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The unattractive argument against corporate liability under the Alien Tort Statute

February 27, 2012 10:48 AM

Julian Ku

Professor of Law at the Maurice A. Deane School of Law at Hofstra University. Professor Ku focuses his research on the intersection of international and domestic law. His forthcoming book, Taming Globalization: International Law, the U.S. Constitution, and the New World Order (with John Yoo), is being published by Oxford University Press.

Thanks to Point of Law for inviting me to share my thoughts on the Supreme Court's consideration of the Alien Tort Statute (ATS) in Kiobel v. Royal Dutch Petroleum.

I will use two recent op-eds on the upcoming case to launch our discussion. Each op-ed reflects how the disputants in Kiobel would like to frame their argument to the Supreme Court and to the public.

In the NYT, Peter Weiss, formerly of the Center for Constitutional Rights, focuses on the importance of the ATS in holding human rights offenders accountable and the general unfairness of excluding corporations from ATS lawsuits.

In the Washington Post, former Bush Administration State Department Legal Advisor John Bellinger, argues that ATS lawsuits are being used to harass corporations into settlements, to interfere with other nation's domestic affairs, and to embroil the United States in disputes with important foreign allies like the United Kingdom, the Netherlands, and Germany.

I think Bellinger has a very strong argument (I have joined an amicus brief in this case making very similar arguments) and I haven't seen the petitioners in this case or their amici make a very persuasive response to it. If the Supreme Court rules against the Kiobel plaintiffs, I am betting some version of this argument will be in the majority opinion.

But it is also noteworthy that Bellinger does not respond to Weiss' claim about the unfairness of excluding corporations. He doesn't do so because the "corporations are not liable under the ATS," is the kind of rigidly formalistic argument that rarely succeeds at the Supreme Court and has almost no appeal to the general public. The NYT headline to Weiss' op-ed, "Should Corporations Have More Leeway to Kill Than People Do?," neatly captures the difficulty that the Shell defendants face in making this argument.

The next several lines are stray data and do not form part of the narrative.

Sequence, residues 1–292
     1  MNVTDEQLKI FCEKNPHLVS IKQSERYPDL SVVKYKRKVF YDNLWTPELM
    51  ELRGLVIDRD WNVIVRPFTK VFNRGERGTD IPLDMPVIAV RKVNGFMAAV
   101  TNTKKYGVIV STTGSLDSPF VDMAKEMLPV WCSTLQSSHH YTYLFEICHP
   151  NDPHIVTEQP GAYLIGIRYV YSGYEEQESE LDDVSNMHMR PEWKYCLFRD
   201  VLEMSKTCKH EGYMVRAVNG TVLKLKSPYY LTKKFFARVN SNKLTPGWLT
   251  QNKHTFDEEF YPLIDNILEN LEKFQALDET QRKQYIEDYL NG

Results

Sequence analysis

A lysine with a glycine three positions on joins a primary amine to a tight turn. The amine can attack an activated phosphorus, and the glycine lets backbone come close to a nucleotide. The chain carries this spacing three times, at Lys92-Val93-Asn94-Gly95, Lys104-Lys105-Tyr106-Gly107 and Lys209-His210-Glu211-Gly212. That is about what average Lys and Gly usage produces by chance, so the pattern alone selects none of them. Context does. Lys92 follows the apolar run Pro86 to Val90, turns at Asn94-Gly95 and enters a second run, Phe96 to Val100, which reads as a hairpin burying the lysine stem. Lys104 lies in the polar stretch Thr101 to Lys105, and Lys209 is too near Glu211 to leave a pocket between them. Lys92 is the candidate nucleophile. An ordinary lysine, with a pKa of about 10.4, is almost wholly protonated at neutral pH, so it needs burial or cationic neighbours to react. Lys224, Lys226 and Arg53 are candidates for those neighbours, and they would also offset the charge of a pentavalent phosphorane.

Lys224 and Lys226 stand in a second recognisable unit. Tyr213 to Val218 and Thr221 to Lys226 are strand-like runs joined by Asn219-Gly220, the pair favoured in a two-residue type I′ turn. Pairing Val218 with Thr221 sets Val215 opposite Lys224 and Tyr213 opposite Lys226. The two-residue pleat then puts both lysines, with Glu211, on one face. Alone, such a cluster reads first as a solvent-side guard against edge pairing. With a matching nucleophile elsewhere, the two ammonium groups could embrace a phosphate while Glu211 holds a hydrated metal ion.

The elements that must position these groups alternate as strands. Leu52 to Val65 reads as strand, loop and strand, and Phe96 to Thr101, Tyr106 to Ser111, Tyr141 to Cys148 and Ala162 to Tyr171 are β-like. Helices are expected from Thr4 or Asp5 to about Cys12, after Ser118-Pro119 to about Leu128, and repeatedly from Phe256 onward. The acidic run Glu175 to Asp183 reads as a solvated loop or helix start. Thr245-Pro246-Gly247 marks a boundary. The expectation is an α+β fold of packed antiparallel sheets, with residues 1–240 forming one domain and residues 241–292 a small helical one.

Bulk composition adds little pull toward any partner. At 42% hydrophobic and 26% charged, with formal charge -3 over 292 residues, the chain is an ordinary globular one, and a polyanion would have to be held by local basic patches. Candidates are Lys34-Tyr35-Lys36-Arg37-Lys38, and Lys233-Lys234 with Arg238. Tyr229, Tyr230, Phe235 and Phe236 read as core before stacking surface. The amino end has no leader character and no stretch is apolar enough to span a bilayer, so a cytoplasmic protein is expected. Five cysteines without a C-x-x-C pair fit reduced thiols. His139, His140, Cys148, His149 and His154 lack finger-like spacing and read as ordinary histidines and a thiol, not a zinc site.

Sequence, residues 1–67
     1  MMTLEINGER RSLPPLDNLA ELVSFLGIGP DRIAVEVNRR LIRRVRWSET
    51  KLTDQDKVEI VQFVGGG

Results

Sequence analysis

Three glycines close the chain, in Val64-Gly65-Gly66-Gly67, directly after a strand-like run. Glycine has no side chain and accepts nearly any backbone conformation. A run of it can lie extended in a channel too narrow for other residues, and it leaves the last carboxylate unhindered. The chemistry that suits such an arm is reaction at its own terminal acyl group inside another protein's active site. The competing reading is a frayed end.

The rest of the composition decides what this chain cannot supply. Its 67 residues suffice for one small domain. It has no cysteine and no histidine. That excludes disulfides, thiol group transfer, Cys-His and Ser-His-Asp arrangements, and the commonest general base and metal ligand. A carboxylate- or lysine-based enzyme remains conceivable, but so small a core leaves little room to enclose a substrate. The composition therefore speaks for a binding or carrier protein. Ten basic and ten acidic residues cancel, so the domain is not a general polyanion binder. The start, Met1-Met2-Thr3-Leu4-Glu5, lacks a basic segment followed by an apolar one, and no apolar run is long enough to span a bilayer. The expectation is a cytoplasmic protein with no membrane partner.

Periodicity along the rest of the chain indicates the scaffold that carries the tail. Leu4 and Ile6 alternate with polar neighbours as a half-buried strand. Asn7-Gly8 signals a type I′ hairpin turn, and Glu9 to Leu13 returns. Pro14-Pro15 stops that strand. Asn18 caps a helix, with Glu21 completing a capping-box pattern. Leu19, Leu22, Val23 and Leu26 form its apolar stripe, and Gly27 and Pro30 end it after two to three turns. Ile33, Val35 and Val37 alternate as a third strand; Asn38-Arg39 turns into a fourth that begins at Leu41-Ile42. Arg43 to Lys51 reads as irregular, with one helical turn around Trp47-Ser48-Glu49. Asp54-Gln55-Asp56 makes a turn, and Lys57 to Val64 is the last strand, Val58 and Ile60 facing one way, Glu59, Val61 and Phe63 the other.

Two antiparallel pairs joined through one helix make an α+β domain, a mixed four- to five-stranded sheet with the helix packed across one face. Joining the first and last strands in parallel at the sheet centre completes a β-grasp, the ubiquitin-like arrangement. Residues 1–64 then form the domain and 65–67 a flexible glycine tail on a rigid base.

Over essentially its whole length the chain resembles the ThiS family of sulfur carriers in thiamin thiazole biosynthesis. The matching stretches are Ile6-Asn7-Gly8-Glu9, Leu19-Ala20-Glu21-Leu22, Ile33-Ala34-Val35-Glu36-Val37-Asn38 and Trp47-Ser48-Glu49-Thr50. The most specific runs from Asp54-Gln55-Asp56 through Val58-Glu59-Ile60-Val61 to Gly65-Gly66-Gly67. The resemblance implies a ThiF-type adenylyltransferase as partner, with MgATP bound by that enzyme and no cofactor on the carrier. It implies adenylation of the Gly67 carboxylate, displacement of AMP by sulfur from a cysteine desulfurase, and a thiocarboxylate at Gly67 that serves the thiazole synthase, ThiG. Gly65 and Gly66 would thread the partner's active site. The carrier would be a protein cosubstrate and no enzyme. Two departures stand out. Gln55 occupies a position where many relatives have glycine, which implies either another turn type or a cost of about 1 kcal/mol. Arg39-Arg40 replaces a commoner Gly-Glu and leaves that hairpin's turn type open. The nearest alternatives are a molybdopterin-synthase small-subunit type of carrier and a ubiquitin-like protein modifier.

But just because the argument is unattractive, doesn't mean it is wrong. As I argued at some length in the Virginia Journal of International Law, the question of corporate liability under the ATS is NOT about whether corporations should be held liable for aiding in humanitarian atrocities. Of course they should. But they should be held liable under the domestic law of the country where the alleged atrocities occurred, under the domestic law of the corporate defendant's place of business or registration, or under an international treaty specifying their duties and obligations.

Instead of worrying about corporate accountability generally, the question for the Supreme Court is whether Congress has granted the federal courts the broad lawmaking authority to extend international law norms to corporate entities for actions that have the most tenuous of connections to the United States. As I detail in my VJIL article and in my amicus brief, the precedents for extending international law to corporate entities ranges from few to embarrassingly few. The international precedents are so thin that the pro-ATS Obama Justice Department does not even try to make this argument in their amicus brief otherwise supporting the petitioners.

Instead, the petitioners (and the Obama Administration) have emphasized that the question of corporate liability under the ATS is a question of domestic federal common law rather than of international law. Federal courts should be allowed to impose such liability as part of their general common lawmaking powers.

I think this argument has problems, which I may discuss in subsequent posts, but it is definitely the petitioner's strongest argument. And this strongly suggests that, at least for now, international law doesn't impose duties directly on corporate entities after all. Which means that the most unattractive argument for the defendants is probably correct, even though it won't do them much good.




Rafael Mangual
Project Manager,
Legal Policy

Manhattan Institute

Published by the Manhattan Institute

The Manhattan Insitute's Center for Legal Policy.